In mere seconds Wednesday morning, President Obama's campaign attack machine showed what months of preparations to take on long-expected challenger Mitt Romney can do.
When a Romney campaign aide waffled in response to a reporter's question about the Lilly Ledbetter Fair Pay Act, Democrats seized upon the exchange, spun and thrust it into the media spotlight through a coordinated flurry of tweets, blog posts and email blasts.
The rapid-fire assault, advancing Obama's case that the Republican candidate is bad for women, left the Romney campaign on the defensive, insisting the former governor supports pay equity and battling a steady drumbeat of negative headlines all day.
The episode was yet another signal that the general election campaign is fully underway, and it offered a glimpse of the full-throttled offense aimed squarely at Romney as he retools for the months ahead.
At Obama's re-election headquarters in Chicago, where full-time paid staff now exceed 300, a dedicated task force of Romney monitors watch his every word, firing off responses on social media and over email, drawing upon troves of opposition research quietly amassed during the GOP primary campaign.
In the past few weeks, the effort has intensified. While the campaign put out just 10 official news releases in February, for example, it topped 27 in March and has set an even more aggressive pace of news statements, reports and memos so far this month.
Conference calls with reporters, even the campaign's newest TV ad released last week, have begun to directly attack Romney as the likely GOP presidential nominee -- something they had not done until recently.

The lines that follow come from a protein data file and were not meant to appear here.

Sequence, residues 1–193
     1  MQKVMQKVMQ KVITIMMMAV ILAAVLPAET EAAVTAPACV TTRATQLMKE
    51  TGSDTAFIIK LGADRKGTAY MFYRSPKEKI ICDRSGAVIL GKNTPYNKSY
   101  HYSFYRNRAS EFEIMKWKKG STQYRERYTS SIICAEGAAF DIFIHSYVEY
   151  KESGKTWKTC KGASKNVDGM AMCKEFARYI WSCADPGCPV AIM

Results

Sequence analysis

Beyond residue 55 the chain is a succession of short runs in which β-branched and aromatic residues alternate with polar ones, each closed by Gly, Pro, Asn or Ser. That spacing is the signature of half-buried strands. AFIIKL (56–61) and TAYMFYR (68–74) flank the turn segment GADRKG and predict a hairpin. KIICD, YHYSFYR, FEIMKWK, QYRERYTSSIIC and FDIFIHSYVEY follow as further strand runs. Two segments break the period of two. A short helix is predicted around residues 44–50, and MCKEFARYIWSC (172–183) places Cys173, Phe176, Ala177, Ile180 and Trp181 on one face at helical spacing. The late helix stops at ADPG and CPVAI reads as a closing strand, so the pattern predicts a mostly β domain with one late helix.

Obama aides say their strategy is to not let attacks on the president go unanswered, or let Romney comments on hot-button issues go unspun.
"His attempts to etch-a-sketch his extreme positions won't work, especially with women," Obama campaign spokeswoman Lis Smith said of Romney in a statement.
Meanwhile, Democratic strategists, who spent much of the primary season painting Romney as an unprincipled flip-flopper, have shifted their line of attack against the former governor to primarily hammer him as an "out of touch" elite who cannot understand the middle class.
A web video released by the Obama team Wednesday, billed as an unflattering clip reel of from Romney's primary campaign, doubled down on that theme.
The "out of touch" meme is also deeply intertwined with Obama's Buffett Rule campaign, which has in ways subtle and not so subtle cast Romney as the poster boy for tax inequality the rule is meant to fix.
"Tax fairness is one of the defining issues in this election, and supporting this policy is one of the touchstones of this campaign," Obama campaign manager Jim Messina wrote in an email to supporters this week.
"Not only does Mitt Romney oppose the Buffett Rule, but he wants to protect special breaks and loopholes that help wealthy Americans like himself avoid paying their fair share," he said.
The Romney campaign has dismissed the attacks as an attempt to distract from the President Obama's record on the economy and his "broken promises and empty rhetoric" from the 2008 campaign.
The Republican National Committee, which has a robust rapid-response operation of its own, has been keeping up steady pressure on Obama and will escalate efforts further into the fall, officials say.
Still, a bruising primary fight and the effective messaging pushed by Obama's campaign have left Romney lagging behind Obama in likeability, empathy and other personal attributes among voters, according to the latest ABC News/Washington Post poll.
Obama holds large double-digit leads over Romney on likeability and empathy overall, and among women leads Romney by 19 points.
"We're getting started with a general election campaign and people will get to know me better and they'll get to know him better as well," Romney told a crowd of supporters in Hartford, Conn., Wednesday.
"But the person I'm out of touch with is Barack Obama, I'm in touch with the American people."